Here is the habitat map of northern St. James Farm. M shows where the mink was, S1 is the narrow-straddle skunk, and S2 is the wider-straddle individual. Solid lines show where I followed the tracks, dashed lines indicate areas between places where I cut the animals’ trails.

Ultimately I traced a good mile that skunk #2 had hiked. No wonder its feet were dragging at the end, and the foot drag gradually vanished as I backtracked it. It had crossed the parking lot after visits to the ranger residence and the round office building. Before that it had crossed the trail of skunk #1 (close enough in time that my skills are inadequate to say which individual passed that way first) after taking the Prairie Path tunnel under Butterfield Road. It had emerged from the woods south of Butterfield, still on the preserve, but a locked gate blocked my further progress.

This is the kind of traveling I expect in February, when the striped skunk mating season arrives. Then, they are much more likely to come out on the colder nights. As this winter progresses I look forward to learning whether St. James Farm’s skunks in the winter of 2015-16 habitually emerge to wander more often and in colder weather than skunks in other years in other places.

 

Striped Skunk Dossier

by Carl Strang

As striped skunks complete their mating season, this seems an appropriate time to share my dossier of observations on the species.

Skunk, Striped

Striped skunk

Striped skunk

I rarely saw skunks around Culver as a child, perhaps because of their nocturnal activity pattern. Saw one on a road south of town near S.R. 110 while on a run, at dusk, as a teenager. I took plaster castings of tracks at the Bird Sanctuary, Culver Military Academy. Later I saw some in the early evening, visiting picnic grounds at the state park on South Mountain in Pennsylvania. They moved with a somewhat rolling, unhurried walk. Individuals brought to Willowbrook in live traps almost invariably spray as soon as the trap is opened. The spray has a very sticky, lasting quality, and causes a sickening sensation when fresh and concentrated. Youngsters discover their spray ability when 6-9 weeks old. The distinctive black and white color pattern almost certainly is aposematic. That pattern is highly variable in detail, i.e., width and length of stripe, amount of white on head, and number and position of scattered small white spots. The skin beneath is white or black, corresponding to the fur color. Stomping, used as a threat, essentially is an emphatic dancing from one front foot to the other. It is employed against both conspecifics (littermates) and potential predators. The tracks have 5 toes showing, both front and back feet. In suitable substrates, the toenails of the front feet register distinctively distant from the ends of the toes. When toenail marks are missing, the track gives the impression of a miniature cat track (though with the extra toe). Generally, the entire footprint appears as a solid, unlobed block; creases across the soles of the feet are evident in medium-consistency substrates. Tracks rarely are encountered, however. Apparently there is very little activity in winter.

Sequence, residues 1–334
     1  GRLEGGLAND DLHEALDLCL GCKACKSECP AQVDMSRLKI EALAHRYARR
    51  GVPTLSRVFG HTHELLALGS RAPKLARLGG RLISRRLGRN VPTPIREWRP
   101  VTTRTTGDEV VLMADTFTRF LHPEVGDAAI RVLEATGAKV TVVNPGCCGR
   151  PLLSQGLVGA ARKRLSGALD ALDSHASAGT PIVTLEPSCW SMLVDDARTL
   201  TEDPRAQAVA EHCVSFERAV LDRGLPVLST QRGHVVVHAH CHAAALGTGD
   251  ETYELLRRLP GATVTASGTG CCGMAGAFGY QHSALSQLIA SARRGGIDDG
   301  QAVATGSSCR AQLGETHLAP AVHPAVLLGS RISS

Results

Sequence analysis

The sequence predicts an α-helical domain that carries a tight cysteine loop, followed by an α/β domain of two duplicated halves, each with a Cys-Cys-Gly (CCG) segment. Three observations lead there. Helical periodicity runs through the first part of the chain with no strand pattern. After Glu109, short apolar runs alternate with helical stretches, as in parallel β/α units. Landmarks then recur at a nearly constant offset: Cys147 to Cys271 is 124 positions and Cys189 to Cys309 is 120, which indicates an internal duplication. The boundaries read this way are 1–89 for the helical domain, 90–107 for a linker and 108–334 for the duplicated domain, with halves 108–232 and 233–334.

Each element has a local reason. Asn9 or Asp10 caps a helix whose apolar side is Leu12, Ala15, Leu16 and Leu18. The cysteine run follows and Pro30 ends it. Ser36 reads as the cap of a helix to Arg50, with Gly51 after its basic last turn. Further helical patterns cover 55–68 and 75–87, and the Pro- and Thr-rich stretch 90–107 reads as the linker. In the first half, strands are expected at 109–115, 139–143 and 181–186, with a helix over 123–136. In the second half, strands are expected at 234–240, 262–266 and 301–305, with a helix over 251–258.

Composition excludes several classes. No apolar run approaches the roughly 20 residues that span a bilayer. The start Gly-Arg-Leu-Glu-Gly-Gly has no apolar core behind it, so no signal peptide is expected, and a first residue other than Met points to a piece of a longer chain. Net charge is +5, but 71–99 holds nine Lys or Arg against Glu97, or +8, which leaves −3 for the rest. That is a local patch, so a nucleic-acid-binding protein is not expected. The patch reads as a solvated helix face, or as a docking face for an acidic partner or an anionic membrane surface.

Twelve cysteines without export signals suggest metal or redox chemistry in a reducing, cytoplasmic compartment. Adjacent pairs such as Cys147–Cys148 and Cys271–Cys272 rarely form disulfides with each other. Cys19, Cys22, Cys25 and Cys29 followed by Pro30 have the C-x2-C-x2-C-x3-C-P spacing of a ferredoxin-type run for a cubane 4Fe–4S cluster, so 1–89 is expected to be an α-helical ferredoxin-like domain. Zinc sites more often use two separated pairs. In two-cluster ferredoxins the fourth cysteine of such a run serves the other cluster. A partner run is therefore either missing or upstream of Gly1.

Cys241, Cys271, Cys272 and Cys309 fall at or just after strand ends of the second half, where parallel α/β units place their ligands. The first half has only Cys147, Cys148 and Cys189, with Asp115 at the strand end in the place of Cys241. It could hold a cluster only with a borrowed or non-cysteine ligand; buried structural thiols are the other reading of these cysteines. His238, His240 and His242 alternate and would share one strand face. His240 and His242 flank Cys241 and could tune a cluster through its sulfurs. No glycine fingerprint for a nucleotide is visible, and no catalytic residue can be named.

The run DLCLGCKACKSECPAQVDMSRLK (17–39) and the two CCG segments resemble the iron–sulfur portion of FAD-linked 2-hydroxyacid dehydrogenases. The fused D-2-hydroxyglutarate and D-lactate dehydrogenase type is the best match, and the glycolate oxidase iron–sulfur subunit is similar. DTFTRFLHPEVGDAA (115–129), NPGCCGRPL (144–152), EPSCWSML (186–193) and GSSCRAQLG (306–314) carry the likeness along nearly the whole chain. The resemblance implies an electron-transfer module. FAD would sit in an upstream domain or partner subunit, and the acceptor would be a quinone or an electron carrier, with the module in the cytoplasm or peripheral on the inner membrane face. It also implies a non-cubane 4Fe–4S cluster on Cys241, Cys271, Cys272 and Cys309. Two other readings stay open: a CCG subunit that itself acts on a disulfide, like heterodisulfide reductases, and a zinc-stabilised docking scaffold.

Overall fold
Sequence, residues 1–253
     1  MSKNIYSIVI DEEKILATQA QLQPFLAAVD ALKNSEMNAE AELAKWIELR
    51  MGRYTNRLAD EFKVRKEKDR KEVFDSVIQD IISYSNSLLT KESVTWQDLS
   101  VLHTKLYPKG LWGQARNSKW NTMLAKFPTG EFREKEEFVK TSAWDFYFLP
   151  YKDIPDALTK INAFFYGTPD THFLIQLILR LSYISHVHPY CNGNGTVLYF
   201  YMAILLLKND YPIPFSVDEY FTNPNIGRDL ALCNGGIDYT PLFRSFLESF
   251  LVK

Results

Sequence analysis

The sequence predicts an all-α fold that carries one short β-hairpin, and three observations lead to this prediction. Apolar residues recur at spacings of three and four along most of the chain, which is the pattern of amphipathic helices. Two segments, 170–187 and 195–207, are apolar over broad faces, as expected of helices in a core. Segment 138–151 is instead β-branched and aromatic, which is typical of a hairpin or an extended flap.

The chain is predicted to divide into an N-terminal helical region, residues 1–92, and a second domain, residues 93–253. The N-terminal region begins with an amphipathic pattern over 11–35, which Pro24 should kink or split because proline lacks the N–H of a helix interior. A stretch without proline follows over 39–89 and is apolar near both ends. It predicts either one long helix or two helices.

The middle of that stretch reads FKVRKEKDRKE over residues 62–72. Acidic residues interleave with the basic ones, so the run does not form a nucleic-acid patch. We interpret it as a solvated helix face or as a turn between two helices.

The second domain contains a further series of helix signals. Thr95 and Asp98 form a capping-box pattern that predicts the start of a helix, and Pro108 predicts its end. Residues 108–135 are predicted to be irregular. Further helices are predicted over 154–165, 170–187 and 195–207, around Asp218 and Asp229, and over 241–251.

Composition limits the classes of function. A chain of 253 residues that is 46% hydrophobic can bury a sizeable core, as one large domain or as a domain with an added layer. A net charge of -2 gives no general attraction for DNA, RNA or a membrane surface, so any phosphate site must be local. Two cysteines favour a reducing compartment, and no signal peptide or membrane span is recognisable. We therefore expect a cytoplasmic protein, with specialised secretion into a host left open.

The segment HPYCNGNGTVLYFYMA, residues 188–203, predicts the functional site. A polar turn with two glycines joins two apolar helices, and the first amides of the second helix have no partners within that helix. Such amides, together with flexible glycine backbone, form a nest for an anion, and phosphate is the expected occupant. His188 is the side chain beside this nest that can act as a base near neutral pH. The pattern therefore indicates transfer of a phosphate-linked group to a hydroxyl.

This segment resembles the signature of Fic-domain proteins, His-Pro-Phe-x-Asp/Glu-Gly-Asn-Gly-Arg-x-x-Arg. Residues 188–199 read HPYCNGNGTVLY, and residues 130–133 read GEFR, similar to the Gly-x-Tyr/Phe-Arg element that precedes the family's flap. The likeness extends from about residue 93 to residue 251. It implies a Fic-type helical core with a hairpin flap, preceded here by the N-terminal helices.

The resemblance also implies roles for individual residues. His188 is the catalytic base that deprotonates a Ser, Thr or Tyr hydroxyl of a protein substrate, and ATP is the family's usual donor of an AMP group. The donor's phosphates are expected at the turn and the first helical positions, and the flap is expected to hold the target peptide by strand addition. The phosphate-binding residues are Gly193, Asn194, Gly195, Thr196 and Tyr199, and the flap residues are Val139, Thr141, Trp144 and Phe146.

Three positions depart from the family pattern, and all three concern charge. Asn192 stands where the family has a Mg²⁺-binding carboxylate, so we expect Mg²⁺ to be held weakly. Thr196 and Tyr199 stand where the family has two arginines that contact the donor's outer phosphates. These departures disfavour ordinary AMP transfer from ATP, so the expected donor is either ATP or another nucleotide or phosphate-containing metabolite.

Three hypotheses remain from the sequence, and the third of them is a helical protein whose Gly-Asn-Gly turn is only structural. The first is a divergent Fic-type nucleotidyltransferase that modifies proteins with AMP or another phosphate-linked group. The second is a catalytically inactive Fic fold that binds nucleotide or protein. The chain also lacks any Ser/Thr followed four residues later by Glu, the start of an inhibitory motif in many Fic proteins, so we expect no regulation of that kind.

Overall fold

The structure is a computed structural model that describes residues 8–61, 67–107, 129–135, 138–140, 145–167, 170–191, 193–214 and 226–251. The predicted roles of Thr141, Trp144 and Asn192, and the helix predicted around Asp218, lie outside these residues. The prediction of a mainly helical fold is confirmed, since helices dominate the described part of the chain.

Skunk tracks, hind on left, fore (showing long toenail marks) on right

Skunk tracks, hind on left, fore (showing long toenail marks) on right

17/18FE86. I followed a fresh skunk trail. Gaits in deep snow (4-8″) were diagonal walk and lope, primarily, on an early spring ramble. This skunk ate some mushy crabapples from the previous fall. It went about half a mile on Willowbrook preserve plus an unknown distance on adjacent properties. The den (near Willowbrook picnic grounds) was a tunnel dug in a well-drained location, on an east-facing slope, sheltered by a crabapple. Tracks suggest it was shared with 1-2 cottontails.

4NO86. Diagonal walk in mud, probably the same skunk described in the previous account, at rehab area west gate.

28NO86. Sand seems to stick unusually well to the flat soles of a skunk’s feet, deposited on sticky mud to form roundish or oval spots of sand grains (Culver Fish Hatchery).

29NO86. Memorial Forest near Culver. Lope (bound?) In sand, 6″ between sets of tracks, each set 12″ long.

Sketch of track patterns in the string observed on November 29, 1986

Sketch of track patterns in the string observed on November 29, 1986

28JA87. One or perhaps more than one skunk on walkabout last night in Willowbrook Back 40. Paths extremely convoluted and interweaving, not enough time to sort them out. No skunk came out of the picnic grounds burrow.

3FE87. Skunk on walkabout again, same area. Suddenly it seemed to be taking great leaps. The snow crust froze in open spots at night, so the skunk did not break through in those places.

5FE87. Skunk pulled dead shrew (previously cached by fox) to center of trail but left it.

27OC87. A skunk ran across the road in our Warrenville neighborhood (Summerlakes subdivision) in early evening (around 6pm). It elevated the middle of its tail, giving it a strange, double-humped appearance.